AT&T Head Says Time Warner Deal Is About Advertising
Randall Stephenson told investors that AT&T wants to do for premium video advertising what Facebook and Google have done for digital advertising.
Randall Stephenson, AT&T chairman and CEO, on Tuesday said the pending Time Warner deal is about creating more targeted advertising for premium video products, and thus profitability.
"Advertising is a significant part of this equation," Stephenson said at the J.P. Morgan Technology, Media and Communications Conference in Boston during a session that was webcast. He was speaking as a U.S. judge considers the AT&T and Time Warner merger as part of an antitrust showdown with the U.S. Department of Justice.
During the session, Stephenson focused on harnessing premium video, technology and data to make advertising more effective in a post–Time Warner acquisition world. "This is taking to the world of premium video what Facebook and Google have done so expertly in the world of digital," he argued.
The Time Warner deal, Stephenson added, where AT&T swallows a host of film and TV assets, will make the phone giant a major media power player after its earlier acquisition of DirecTV. But the deal first has to survive regulatory and judicial scrutiny.
The U.S. government argues that allowing AT&T to join forces with one of the nation's biggest content producers would create competitive harm as AT&T/Time Warner exploits its newfound power in carriage negotiations with cable and satellite companies. AT&T rejects the argument that there's competitive harm or that it has breached antitrust law.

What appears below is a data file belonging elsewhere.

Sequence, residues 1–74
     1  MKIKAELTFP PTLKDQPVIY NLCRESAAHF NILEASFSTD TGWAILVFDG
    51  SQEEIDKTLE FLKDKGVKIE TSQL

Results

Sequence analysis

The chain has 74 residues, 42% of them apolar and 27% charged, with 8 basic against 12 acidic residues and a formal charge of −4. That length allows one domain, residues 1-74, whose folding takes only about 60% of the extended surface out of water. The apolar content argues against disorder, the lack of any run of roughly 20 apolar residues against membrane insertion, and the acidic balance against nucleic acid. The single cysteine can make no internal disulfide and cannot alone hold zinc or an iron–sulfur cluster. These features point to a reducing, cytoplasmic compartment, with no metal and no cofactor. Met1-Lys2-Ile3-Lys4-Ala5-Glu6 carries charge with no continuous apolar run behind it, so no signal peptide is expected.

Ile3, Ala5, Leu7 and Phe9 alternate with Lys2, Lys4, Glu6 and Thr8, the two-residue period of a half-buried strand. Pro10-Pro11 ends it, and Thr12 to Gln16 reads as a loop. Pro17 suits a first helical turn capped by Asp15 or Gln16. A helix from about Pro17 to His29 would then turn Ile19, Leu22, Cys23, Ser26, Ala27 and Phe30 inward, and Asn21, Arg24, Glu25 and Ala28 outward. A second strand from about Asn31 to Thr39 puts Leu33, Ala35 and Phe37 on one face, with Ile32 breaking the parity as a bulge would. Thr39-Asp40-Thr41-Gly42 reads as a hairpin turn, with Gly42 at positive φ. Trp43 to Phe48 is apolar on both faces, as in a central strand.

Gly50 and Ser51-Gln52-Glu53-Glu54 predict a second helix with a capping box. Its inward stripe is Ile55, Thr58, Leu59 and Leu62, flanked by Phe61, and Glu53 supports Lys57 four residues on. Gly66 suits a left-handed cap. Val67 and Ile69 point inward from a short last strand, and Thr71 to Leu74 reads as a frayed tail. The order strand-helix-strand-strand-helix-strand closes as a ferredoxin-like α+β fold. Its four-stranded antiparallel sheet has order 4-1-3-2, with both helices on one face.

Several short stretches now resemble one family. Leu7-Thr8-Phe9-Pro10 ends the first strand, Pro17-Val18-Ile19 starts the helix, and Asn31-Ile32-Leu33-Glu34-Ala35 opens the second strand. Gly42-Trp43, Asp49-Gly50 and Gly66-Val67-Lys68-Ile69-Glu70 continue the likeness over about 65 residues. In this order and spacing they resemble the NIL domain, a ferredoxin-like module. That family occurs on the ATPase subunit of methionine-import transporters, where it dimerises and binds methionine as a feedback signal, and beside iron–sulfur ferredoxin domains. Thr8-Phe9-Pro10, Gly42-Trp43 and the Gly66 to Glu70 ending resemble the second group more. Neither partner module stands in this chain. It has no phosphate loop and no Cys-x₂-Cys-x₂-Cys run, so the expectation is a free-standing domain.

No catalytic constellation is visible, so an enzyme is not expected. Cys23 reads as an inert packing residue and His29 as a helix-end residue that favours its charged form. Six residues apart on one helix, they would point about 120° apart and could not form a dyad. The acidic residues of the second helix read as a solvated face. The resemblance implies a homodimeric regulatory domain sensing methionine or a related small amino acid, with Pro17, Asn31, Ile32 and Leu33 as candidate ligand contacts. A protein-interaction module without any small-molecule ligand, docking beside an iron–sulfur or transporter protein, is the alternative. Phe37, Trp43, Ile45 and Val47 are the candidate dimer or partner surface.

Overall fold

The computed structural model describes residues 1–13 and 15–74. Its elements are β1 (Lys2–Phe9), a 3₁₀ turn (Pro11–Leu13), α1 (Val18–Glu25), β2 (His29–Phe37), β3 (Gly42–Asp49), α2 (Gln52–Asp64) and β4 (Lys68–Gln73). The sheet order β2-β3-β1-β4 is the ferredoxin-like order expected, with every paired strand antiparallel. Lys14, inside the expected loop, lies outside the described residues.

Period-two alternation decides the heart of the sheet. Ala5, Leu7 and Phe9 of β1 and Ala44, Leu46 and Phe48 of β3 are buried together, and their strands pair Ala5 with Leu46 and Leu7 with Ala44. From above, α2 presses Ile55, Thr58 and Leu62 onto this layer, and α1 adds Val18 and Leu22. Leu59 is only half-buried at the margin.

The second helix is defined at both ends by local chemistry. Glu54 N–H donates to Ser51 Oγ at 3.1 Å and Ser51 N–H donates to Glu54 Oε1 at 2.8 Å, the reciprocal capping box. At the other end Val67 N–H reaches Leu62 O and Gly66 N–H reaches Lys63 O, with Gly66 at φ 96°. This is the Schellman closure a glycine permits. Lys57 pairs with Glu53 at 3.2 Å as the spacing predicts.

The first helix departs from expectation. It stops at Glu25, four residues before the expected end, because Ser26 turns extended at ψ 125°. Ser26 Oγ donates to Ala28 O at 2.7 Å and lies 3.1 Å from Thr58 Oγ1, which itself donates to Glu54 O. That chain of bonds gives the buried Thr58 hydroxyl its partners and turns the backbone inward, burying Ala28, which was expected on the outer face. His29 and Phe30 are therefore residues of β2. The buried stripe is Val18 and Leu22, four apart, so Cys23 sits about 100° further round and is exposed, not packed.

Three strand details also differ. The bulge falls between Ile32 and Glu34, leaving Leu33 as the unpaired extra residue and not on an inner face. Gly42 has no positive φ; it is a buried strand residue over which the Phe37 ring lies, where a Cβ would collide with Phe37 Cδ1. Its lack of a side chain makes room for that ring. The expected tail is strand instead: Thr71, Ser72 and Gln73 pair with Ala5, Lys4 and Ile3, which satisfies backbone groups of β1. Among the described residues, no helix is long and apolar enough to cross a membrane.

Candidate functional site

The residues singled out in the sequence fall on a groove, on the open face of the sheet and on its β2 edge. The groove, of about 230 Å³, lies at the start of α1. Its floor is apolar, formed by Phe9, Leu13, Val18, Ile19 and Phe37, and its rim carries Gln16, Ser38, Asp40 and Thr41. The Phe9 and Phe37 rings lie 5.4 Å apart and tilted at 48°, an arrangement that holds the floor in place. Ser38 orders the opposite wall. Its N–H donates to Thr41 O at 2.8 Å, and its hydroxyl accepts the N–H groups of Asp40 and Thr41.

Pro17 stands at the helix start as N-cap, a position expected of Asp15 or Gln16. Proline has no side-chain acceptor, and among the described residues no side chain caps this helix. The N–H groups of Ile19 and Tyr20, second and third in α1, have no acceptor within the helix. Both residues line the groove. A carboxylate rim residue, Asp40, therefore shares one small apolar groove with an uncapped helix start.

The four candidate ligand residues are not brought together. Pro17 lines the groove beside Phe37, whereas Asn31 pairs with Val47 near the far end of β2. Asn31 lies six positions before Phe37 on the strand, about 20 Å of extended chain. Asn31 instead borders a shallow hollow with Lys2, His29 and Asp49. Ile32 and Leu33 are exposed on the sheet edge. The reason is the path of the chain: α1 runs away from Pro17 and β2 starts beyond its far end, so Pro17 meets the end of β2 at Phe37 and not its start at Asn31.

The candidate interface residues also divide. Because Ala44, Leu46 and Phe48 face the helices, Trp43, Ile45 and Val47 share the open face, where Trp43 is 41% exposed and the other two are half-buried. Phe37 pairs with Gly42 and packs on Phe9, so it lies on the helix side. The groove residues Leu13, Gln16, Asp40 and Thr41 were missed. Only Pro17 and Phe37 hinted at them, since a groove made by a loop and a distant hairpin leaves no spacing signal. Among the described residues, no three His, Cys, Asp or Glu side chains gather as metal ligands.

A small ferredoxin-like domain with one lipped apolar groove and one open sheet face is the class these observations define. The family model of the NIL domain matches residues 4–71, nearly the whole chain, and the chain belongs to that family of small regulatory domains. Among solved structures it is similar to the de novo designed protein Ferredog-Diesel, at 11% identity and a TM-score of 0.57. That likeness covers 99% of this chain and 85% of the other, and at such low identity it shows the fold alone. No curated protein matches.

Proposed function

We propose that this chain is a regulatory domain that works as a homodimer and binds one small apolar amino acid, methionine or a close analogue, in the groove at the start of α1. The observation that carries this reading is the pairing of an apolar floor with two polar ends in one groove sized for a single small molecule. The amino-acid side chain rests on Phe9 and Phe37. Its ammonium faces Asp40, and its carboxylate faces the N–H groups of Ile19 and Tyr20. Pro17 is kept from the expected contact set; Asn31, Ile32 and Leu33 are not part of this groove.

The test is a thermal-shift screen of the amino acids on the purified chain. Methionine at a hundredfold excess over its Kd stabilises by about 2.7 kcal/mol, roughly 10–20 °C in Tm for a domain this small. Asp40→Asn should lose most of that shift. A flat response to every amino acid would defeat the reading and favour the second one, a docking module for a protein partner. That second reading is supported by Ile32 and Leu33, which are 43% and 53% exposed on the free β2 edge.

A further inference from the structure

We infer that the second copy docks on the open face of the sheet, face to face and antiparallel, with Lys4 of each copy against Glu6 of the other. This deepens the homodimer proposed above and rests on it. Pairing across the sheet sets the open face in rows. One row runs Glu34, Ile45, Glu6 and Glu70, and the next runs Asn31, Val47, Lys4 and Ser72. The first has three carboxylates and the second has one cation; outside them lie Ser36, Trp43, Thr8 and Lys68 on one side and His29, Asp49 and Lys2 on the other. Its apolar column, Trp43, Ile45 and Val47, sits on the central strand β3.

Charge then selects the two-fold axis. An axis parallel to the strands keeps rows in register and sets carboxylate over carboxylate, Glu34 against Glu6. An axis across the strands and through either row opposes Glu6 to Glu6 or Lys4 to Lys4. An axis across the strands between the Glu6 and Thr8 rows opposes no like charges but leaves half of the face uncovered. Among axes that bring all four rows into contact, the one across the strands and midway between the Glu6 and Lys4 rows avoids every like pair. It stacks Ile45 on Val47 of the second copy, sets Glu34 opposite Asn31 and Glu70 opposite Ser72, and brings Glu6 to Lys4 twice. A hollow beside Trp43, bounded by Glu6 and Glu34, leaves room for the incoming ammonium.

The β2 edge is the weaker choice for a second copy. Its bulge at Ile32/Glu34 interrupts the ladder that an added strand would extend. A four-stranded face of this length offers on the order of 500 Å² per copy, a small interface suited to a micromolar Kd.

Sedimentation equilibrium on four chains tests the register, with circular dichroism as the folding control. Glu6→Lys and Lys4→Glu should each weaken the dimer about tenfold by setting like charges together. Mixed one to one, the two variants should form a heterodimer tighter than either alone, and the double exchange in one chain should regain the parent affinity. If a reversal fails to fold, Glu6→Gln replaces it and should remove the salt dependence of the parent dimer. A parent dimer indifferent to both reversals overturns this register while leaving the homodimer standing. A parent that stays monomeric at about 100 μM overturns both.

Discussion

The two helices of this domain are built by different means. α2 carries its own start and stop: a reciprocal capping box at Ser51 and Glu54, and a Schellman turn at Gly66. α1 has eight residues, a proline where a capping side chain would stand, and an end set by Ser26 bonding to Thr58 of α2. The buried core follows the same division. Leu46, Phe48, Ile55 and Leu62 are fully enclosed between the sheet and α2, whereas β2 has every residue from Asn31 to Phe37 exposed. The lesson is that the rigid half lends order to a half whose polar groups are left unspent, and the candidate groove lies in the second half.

Amid that battle, Stephenson told the investors conference that pairing a large advertising inventory with 159 million mobile subscribers, 40 million pay TV subscribers, DirecTV Now, HBO Go and other digital platforms will create a media powerhouse in the advertising realm.
"There's a significant amount of data in our distribution business, and pairing that — the viewership insights, the location data — with the premium ad inventory, we're convinced that there's a sizable monetary opportunity," Stephenson told investors. Amid a increasingly interconnected media landscape, AT&T hired Brian Lesser away from ad giant WPP to use content, data and analytics to better target households with advertising.
"He is sitting and idle and ready to go after we close the Time Warner transaction," Stephenson said. And that exploitation of premium content and advertising will take place on streaming platforms, not linear TV platforms, he added.
"It is streaming content on mobile devices, on smart TVs," he insisted. AT&T in the over-the-space will also offer a range of content packages, from a $15 per-month all-entertainment skinny bundle with no sports up to mid-size and large content bundles.
Stephenson also touted a new streaming version of DirecTV Now, to be launched on Tuesday afternoon, with a cloud-based DVR for program recording and new system features. Viewers will be able to watch up to three streams at a time. The new DirecTV Now streaming service will be priced at $40 per month.